EXPLAINER: What is the Stop Hate For Profit movement?

Kyle Chua
EXPLAINER: What is the Stop Hate For Profit movement?
The campaign calls on advertisers to pull out from Facebook for turning a blind eye to hate speech, and failing to take down posts that incite violence

Image from Stop Hate For Profit website

MANILA, Philippines – Facebook has a lot of work to do if it looks to regain the trust of its users and advertisers back. 

Among other things, the social network’s CEO Mark Zuckerberg drew widespread flak in early June for how he handled posts from President Donald Trump that promoted the use of force against civil rights protesters in rallies across the US. 

Zuckerberg initially defended his inaction in Trump’s controversial, “When the looting starts, the shooting starts,” post, but later announced that he and company leadership will review the platform’s content policies. 

The platform has long been criticized for their lax rules and lack of transparency on what can and can’t be posted by its users.

Facebook’s response, however, was not enough for various groups, who took it upon themselves to take immediate action and hit Facebook where it hurts – their revenue streams. 

What is Stop Hate For Profit?

On June 17, a number of civil rights and non-profit watchdog organizations banded together and asked businesses to pause their advertisement spending on Facebook and Instagram to pressure these platforms to address problems in their content moderation practices.

A week later, the movement gained momentum, with many big companies such as Unilever and Hershey’s joining. Other companies do not explicitly join the movement, but suspend their ads instead – some suspending campaigns on other social media platforms beyond Facebook and Instagram.

The Stop Hate For Profit condemns how Facebook allowed posts that incited violence on protesters fighting for racial justice; named publications affiliated with white nationalist groups as trusted news sources; and turned a blind eye on voter suppression, in its call for a widespread boycott. 

On the site’s front page, their statement goes: 

“We know what Facebook did.

They  allowed  incitement  to  violence  against  protesters  fighting  for racial justice in America in the wake of George Floyd, Breonna Taylor,  Tony  McDade,  Ahmaud  Arbery,  Rayshard  Brooks  and  so  many others.

They named Breitbart News a “trusted news source” and made The Daily Caller a “fact checker” despite both publications having records of working with known white nationalists.

They  turned  a  blind  eye  to  blatant  voter  suppression  on  their  platform.

Could they protect and support Black users? Could they call out Holocaust denial as hate? Could they help get out the vote?

They absolutely could. But they are actively choosing not to do so.

99% of Facebook’s $70 billion is made through advertising.

Who will advertisers stand with?

Let’s send Facebook a powerful message: Your profits will never be worth promoting hate, bigotry, racism, antisemitism and violence.

Please join us.”

“We are asking all businesses to stand in solidarity with our most deeply held American values of freedom, equality and justice and not advertise on Facebook’s services in July,” as stated on the campaign’s website.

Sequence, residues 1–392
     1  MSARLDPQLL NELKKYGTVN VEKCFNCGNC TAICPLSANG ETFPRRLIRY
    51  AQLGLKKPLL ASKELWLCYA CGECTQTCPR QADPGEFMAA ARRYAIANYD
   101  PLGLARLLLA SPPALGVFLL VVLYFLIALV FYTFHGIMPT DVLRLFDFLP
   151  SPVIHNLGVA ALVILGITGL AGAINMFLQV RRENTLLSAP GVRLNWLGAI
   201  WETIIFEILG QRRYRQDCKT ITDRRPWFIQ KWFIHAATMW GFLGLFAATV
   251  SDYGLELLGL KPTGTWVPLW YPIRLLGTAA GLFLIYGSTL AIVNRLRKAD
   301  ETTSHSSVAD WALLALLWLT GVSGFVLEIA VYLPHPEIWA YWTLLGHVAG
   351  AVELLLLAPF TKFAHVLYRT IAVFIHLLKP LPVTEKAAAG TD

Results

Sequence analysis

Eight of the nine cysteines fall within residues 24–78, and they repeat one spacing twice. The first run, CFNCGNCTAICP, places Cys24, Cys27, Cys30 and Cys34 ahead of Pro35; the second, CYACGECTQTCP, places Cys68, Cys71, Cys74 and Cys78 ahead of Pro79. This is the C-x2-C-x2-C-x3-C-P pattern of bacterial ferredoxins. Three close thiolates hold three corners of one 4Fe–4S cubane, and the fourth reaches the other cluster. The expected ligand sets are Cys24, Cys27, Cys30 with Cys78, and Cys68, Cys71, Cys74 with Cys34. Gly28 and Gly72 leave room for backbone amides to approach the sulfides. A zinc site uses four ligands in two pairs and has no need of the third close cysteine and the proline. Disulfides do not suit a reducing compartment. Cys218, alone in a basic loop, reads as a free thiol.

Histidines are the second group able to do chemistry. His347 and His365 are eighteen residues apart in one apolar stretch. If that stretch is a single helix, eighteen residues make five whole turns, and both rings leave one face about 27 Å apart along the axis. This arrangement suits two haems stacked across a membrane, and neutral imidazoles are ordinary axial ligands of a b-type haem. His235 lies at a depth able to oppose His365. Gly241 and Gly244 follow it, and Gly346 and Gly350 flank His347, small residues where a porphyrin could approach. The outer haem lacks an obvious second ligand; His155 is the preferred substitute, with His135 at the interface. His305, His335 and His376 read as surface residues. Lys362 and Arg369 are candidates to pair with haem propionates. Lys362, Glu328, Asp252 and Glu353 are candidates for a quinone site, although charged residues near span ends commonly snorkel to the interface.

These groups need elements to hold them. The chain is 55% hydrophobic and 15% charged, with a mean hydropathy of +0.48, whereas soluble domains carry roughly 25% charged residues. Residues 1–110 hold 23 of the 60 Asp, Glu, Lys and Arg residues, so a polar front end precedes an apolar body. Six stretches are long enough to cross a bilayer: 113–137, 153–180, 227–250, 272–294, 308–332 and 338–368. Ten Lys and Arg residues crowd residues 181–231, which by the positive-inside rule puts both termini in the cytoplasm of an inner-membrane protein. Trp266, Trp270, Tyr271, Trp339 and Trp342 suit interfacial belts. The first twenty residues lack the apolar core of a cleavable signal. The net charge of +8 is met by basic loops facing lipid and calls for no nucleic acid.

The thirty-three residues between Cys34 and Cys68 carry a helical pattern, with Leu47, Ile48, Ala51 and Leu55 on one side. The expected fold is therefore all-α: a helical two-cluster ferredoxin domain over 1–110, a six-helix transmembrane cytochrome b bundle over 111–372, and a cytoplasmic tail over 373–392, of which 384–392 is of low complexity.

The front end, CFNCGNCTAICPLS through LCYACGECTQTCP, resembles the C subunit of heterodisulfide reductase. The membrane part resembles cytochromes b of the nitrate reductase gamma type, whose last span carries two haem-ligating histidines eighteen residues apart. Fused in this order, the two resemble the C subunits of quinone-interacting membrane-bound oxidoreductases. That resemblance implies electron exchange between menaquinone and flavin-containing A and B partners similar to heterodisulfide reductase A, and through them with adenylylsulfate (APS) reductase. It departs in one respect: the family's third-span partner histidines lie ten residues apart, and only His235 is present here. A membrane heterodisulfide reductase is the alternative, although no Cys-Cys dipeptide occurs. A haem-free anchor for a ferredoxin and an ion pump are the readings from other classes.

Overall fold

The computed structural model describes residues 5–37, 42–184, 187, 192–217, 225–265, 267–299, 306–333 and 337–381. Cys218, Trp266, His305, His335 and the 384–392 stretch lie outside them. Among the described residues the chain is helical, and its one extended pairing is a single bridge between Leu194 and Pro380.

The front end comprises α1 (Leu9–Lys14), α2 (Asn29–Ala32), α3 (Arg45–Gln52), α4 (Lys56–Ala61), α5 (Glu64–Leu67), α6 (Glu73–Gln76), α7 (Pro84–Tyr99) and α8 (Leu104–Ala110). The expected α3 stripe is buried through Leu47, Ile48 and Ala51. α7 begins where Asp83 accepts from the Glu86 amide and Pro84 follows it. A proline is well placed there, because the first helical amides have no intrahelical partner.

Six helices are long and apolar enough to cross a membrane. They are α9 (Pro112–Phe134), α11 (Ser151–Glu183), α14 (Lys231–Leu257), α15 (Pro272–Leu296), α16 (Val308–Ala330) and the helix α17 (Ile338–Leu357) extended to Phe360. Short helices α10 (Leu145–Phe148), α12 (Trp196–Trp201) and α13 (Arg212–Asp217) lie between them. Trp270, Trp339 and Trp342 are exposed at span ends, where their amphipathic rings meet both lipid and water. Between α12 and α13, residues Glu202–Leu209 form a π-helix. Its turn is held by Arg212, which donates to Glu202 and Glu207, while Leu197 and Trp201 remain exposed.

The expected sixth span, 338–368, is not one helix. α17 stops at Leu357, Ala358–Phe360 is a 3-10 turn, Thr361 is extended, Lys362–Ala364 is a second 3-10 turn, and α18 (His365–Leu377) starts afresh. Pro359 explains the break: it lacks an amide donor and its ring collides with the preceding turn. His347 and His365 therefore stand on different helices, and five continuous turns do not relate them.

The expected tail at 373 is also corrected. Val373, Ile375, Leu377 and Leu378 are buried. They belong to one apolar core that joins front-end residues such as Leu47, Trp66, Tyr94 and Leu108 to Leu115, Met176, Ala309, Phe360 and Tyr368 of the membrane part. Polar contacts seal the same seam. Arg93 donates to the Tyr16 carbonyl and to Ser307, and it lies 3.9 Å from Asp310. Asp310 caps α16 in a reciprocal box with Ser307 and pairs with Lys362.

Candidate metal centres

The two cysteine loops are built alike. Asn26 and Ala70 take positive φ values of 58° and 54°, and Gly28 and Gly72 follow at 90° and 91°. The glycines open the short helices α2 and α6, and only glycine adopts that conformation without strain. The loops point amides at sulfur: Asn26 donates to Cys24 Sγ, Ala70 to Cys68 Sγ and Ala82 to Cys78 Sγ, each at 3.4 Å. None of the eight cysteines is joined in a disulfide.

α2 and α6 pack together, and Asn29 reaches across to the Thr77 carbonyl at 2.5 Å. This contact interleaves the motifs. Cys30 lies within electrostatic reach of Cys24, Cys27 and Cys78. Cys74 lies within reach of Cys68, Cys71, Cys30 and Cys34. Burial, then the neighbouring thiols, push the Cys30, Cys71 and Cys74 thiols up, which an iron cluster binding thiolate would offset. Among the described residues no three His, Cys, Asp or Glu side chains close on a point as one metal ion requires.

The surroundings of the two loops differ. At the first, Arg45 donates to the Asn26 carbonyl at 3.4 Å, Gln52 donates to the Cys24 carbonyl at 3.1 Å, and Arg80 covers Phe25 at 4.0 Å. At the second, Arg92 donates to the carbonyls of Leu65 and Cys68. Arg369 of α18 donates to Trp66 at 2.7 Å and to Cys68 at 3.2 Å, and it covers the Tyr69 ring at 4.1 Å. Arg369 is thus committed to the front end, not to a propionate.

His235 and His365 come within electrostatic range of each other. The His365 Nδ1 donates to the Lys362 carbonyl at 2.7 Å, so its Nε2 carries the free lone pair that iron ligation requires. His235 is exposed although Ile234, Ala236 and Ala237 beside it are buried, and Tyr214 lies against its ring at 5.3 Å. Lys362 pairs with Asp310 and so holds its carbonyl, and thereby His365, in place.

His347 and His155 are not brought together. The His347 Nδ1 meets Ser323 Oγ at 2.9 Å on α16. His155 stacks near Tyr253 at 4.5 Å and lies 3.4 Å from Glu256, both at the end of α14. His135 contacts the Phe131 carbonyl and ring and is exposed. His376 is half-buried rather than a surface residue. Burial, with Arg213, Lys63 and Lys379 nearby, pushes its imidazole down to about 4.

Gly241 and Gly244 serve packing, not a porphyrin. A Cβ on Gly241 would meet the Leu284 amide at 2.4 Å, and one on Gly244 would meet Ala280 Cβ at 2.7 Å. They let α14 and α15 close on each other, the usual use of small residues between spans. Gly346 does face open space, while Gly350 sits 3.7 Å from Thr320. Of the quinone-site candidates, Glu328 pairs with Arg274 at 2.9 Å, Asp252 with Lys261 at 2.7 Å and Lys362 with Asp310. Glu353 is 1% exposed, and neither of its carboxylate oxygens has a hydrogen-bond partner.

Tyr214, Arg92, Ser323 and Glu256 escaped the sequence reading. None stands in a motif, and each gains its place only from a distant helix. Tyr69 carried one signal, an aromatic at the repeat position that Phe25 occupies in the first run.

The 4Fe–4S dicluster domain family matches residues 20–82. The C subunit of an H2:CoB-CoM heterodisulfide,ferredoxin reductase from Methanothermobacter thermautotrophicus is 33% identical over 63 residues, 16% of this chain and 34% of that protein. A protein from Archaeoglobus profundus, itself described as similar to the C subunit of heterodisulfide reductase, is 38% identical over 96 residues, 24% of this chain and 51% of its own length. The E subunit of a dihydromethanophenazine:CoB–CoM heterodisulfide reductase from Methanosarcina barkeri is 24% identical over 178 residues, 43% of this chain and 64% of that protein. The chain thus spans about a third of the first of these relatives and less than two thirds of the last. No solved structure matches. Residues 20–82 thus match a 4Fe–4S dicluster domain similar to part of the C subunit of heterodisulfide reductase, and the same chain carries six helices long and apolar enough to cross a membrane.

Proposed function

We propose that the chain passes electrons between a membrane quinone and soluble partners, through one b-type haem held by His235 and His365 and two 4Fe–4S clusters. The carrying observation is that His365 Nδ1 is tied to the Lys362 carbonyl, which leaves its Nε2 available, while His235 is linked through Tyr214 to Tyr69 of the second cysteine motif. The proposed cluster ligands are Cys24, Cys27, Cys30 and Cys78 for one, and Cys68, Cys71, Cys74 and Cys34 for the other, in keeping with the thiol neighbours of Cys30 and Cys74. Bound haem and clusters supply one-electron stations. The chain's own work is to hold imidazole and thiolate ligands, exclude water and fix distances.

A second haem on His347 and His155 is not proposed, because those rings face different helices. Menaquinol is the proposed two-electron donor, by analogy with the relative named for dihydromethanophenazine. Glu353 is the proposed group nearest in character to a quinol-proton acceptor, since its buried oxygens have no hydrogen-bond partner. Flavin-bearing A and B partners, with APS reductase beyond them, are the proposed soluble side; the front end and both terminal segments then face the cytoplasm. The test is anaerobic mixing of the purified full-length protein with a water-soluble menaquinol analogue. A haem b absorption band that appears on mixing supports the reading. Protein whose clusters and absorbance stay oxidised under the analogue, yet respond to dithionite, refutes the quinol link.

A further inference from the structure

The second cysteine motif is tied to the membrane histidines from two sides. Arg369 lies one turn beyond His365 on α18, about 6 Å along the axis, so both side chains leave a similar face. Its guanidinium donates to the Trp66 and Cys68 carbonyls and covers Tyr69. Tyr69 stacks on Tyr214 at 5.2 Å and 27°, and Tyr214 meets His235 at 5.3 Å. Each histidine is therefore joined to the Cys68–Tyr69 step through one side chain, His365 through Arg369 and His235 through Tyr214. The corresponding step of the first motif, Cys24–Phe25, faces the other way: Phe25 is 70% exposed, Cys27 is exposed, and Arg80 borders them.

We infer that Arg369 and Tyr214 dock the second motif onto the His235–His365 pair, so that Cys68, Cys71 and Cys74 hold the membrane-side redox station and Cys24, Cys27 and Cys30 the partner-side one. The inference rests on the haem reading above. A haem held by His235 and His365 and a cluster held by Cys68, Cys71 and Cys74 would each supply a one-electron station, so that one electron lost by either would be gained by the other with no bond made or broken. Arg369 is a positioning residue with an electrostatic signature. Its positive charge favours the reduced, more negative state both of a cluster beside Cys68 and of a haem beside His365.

Stop Hate For Profit is supported by the civil rights non-profits Color Of Change, The National Association for the Advancement of Colored People (NAACP), Anti-Defamation League (ADL), social media activists Sleeping Giants, media reform advocacy group Free Press, and Common Sense Media. 

Growing support

The campaign’s call appears to have resonated with numerous companies and advertisers, with the list of those halting any social media spending growing by the day.

As of writing, major brands such as Coca-Cola, Unilever, Starbucks, The Hershey Company, and Ford, have joined over 200 other companies in the boycott, slashing an estimated $50 billion in Facebook’s market value. 

The social media company recently shared that it’s banning a “wider category of hateful content” in ads and adding special tags to “newsworthy” posts that violate rules, but it’s not likely to stop the campaign from implementing their next step, which is to spread the movement worldwide. 

According to Reuters, the next step for the campaign is to invite companies from Europe to join the boycott in an effort to get the region’s regulators to once again set their sights on Facebook. 

The European Commission set new guidelines in June asking the likes of Facebook, Google, and Twitter to submit monthly reports on how they’re handling misinformation regarding the pandemic. 

The campaign is also asking brands like Unilever and Honda to pull their Facebook ads globally and not just for the US. 

Despite the boycott, some experts believe that Facebook is only taking a minor financial hit and will eventually bounce back, with around 7 million other advertisers still on the platform – most of which are small- and medium-sized businesses. 

For consumers, the movement is asking users to sign a petition that demands Facebook adopt the movement’s recommendations to stop online hate and extremism, urge more businesses to pause Facebook advertising in July, and to “send the message that profits will never be worth supporting hate of any kind.” 

The movement’s recommendations demand accountability, decency, and more support for users facing harassment. The list can be viewed here. They also have a list of participating businesses here

Facebook, in spite of its problems, has not had a user exodus, with its almost all-encompassing features ingrained in people’s day-to-day. 

Still, the non-profit-led movement has offered a heavy statement that has once again put Facebook front and center. – Rappler.com